The Kepler Space Telescope is one of the busiest pieces of hardware in the NASA arsenal. Since its launch in 2009 it has observed more than 150,000 various-sized stars and their accompanying planets that have enriched our knowledge of just what lies out there. Lo and behold, a recent Kepler find has revealed an odd cluster of potentially (we couldn’t stress this enough) Earth-sized worlds and bigger orbiting a far off star.
Tagged as Kepler-11, the six planets orbiting the lucky star are peculiar because of how many of them are orbiting so close together in the “Goldilocks zone”—the ideal distance from a star where Earth-type planets are most likely to be found.
According to Kepler Mission investigator William Burocki, such finds are crucial to the Kepler telescope’s ultimate mission:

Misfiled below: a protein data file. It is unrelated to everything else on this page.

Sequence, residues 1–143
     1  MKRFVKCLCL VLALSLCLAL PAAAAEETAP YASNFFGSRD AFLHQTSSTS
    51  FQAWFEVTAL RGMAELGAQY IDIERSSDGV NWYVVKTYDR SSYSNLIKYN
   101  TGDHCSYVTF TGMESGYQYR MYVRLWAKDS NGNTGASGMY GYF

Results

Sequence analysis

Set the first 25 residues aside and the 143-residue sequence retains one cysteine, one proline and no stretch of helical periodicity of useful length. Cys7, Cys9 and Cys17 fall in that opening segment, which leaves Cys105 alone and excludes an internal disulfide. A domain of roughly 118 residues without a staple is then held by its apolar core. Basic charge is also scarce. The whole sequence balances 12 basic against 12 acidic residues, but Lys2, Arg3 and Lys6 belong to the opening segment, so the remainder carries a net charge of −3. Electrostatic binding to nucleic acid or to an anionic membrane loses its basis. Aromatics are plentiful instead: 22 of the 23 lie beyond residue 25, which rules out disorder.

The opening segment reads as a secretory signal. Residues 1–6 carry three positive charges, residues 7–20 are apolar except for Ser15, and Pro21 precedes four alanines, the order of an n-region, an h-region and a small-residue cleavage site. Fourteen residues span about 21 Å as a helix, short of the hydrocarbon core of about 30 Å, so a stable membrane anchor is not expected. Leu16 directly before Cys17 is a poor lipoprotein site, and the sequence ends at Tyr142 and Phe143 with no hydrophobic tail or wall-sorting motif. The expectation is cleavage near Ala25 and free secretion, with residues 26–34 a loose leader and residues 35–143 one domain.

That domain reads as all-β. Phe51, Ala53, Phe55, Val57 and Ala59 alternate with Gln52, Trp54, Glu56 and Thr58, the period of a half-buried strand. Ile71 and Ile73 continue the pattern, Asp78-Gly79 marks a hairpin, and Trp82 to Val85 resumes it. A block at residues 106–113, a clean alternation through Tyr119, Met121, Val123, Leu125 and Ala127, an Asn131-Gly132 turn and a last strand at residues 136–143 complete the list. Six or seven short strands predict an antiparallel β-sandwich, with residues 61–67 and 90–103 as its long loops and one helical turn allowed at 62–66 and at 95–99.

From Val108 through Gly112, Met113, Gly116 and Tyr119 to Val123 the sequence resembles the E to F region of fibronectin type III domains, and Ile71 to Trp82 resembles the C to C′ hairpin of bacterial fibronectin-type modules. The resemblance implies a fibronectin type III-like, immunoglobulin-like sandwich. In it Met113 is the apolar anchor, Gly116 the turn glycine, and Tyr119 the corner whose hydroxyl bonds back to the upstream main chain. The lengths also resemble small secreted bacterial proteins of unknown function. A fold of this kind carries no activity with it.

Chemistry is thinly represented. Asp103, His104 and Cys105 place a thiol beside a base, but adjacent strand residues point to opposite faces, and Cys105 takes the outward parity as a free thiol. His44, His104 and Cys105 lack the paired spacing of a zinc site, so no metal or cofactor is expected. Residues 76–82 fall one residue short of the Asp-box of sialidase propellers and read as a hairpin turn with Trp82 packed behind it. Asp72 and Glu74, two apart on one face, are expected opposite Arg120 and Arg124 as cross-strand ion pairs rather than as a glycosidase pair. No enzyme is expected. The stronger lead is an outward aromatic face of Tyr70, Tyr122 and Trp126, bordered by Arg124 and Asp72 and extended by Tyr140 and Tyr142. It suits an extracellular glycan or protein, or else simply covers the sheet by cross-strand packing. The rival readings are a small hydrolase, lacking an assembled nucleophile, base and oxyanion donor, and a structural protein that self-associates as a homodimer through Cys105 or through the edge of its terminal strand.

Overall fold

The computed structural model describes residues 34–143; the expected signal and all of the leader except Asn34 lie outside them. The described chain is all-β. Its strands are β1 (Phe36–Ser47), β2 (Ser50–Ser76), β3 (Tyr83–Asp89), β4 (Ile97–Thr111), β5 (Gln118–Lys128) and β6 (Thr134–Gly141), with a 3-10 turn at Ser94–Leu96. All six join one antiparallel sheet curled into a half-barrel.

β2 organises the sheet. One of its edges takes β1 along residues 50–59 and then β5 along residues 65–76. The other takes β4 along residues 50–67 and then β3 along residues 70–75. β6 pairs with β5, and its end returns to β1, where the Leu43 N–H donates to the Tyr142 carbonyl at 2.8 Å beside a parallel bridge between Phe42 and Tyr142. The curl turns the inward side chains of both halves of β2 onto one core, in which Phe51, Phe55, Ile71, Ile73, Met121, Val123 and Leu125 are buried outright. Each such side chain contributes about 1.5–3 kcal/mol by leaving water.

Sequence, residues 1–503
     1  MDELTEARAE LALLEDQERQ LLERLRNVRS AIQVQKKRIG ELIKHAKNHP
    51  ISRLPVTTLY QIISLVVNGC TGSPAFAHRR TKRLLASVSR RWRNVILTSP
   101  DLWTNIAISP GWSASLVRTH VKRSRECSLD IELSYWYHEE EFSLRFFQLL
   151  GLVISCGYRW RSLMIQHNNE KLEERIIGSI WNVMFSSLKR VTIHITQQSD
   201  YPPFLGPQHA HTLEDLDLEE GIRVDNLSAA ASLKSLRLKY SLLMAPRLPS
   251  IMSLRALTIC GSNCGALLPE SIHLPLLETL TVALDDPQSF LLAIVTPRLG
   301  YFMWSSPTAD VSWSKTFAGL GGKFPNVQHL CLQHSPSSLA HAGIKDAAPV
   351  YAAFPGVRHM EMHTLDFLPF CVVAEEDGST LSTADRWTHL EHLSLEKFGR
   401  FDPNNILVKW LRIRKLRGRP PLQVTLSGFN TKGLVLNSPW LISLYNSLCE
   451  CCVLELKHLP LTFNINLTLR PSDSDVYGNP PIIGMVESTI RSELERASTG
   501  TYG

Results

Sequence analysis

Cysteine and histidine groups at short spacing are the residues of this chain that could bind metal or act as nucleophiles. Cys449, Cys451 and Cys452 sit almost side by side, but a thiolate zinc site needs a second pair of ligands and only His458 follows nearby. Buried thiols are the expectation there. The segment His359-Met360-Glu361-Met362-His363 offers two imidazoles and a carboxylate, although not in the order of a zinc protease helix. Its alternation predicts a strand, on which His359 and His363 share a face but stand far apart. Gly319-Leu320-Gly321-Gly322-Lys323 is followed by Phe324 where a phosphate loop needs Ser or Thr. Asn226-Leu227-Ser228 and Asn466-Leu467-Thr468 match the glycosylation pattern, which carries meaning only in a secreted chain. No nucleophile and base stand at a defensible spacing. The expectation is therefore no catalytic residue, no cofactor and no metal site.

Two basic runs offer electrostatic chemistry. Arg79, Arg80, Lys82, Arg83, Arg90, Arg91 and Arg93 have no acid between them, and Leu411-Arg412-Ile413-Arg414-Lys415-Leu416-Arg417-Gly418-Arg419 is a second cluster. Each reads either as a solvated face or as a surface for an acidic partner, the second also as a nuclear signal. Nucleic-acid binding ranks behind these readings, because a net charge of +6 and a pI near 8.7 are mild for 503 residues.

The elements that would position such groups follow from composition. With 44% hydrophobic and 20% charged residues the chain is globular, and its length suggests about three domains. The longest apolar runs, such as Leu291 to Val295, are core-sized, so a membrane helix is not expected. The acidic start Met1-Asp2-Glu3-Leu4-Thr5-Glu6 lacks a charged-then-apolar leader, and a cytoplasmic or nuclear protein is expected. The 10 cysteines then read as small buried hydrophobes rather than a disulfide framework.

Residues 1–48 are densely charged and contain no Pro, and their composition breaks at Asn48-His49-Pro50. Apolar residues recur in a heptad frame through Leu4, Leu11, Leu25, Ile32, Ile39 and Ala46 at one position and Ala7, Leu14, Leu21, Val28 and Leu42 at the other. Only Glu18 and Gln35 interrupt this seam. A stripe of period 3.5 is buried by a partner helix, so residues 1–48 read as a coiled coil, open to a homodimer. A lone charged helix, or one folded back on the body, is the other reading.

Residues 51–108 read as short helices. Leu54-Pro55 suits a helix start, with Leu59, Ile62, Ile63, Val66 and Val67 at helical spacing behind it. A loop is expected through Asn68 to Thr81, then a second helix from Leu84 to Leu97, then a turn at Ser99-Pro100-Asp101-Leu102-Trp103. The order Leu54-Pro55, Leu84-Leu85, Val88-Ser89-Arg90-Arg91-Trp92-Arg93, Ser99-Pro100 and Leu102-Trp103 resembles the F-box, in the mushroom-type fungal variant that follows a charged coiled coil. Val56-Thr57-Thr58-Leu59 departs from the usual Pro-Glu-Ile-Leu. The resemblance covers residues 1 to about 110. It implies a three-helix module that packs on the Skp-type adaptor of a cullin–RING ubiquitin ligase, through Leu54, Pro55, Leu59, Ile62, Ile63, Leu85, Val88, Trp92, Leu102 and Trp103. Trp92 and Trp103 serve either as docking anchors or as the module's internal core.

“…We’re seeing the variability of stars like no one has ever seen before. We’re finding planets smaller than anyone has ever seen before, because the data quality is extremely good. The first four months of data have given us an enormous amount of interesting information for the science community to explore and to find the planets among the candidates that we have found. In the coming years, Kepler’s capabilities will allow us to find Earth-size planets in the habitable zone of other stars. Future missions will be developed to study the composition of planetary atmospheres to determine if they are compatible with the presence of life. The design for these missions depends of Kepler finding whether Earth-size planets in the habitable zone are common or rare.”
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